There are several types of sustainable drainage systems. As stated earlier, the criteria here is to align modern drainage systems with natural processes. Therefore, they often use components that mimic natural processes to integrate urban drainage systems to the site efficiently. 

Here are a few examples: 

  • Swales- Shallow depressions that gather and filter surface water runoff by directing it through soil and surface plants. 
  • Permeable surfaces- These can either be in the form of a porous pavement material or pavement material that has been divided into sections. The idea here is to allow surface water to seep to the soil below. 
  • Wetlands- Perfectly suited for areas that experience large volumes of water runoff, they replicate marshes by gathering and filtering water relying solely on their own ecology to remove pollutants. 
  • Green roofs- Green roofs are landscaped areas on the roofs of buildings. They work by filtering rainwater directly as it falls, reducing the load on other drainage systems. 
  • Drain channel systems- They convey surface and wastewater to a filtration system or sewer. They come in various shapes and sizes, with every one of them designed to perform specialized functions. Here is a closer look at these types: 

Types of environmental trench drain channel systems

Micro Channel Drain

Micro Channel Drains are perfect for areas that do not need a large amount of water to be drained. They are mostly used for residential applications. The trench channel will be about 1.25" wide. 

Mini Channel Drain

Wider than the microchannel drain, they offer a larger surface area of collection. Since they are more visible, they are often customized in many ways, including patterned grates, colored grates, or grates made of unique materials such as brass or plastic. They can be used for both residential and non-residential applications. The average width of the channel is about 2.25". 

Standard Channel Drain

Although these are similar to regular trench drains found in a large number of non-residential applications, they stand out as environmentally sound because of the type of trench grate they use. They can have various kinds of environmentally-friendly grates, along with 4” wide channels with either flat or slightly sloping bottoms.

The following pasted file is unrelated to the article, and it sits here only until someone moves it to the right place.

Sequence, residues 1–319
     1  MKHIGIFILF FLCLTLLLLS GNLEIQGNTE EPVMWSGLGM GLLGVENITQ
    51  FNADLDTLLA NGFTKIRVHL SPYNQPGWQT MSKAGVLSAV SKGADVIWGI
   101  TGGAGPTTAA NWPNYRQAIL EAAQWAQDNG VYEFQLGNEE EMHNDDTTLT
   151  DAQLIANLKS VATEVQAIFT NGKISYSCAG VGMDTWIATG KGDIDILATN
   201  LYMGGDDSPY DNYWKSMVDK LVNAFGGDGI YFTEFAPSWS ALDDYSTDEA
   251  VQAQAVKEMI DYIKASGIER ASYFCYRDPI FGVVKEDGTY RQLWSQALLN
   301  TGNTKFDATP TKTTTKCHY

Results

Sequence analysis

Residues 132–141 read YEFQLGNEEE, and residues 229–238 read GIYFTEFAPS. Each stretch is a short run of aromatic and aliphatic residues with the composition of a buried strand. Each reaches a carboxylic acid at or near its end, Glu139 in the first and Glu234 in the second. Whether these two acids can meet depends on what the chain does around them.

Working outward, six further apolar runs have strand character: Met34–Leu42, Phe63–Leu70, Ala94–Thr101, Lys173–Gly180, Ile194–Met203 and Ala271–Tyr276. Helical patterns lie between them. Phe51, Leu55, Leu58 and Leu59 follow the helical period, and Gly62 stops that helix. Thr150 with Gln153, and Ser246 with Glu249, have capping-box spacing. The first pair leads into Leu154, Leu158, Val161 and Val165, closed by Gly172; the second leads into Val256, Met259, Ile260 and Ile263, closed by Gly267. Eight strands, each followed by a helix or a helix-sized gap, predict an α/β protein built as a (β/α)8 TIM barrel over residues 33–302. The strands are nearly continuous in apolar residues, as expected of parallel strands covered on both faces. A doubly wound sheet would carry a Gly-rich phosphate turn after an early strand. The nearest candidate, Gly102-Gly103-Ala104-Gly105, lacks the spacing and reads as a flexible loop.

Special Channel Drains

There are several different options in this category. 

  • Wide channel drains: These have a greater surface area for drainage than micro and mini channels. They are ideally suited for areas with a considerably more significant amount of water. The broader channels provide much larger carrying capacity for the water while keeping the grates inconspicuous. Used for both residential and non-residential applications, the average width of the channel is about 4.125" wide. 
  • Modular channel drains: These trench drains have interlocking joints and a modular design. Their systems are flexible, and connections are easy and quick to make. You can customize them with various types of grates according to your requirements. They have both residential and non-residential applications. 
  • Sloping trench drains: These drains have a built-in slope to ensure that there is optimal flow throughout the system. They are used for non-residential applications and have customizable grates. Because of their built-in slope, most sloping trench drains are also modular for secure handling, installation, and freight to site. 

Final Thoughts

In the end, if you want your trench drain to be environmentally friendly, it must meet all the safety requirements of its users along with sustainability requirements. Coming in a variety of designs that complement the visual appeal of the space they are in is just the cherry on top. 

SHARE

OTHER ARTICLES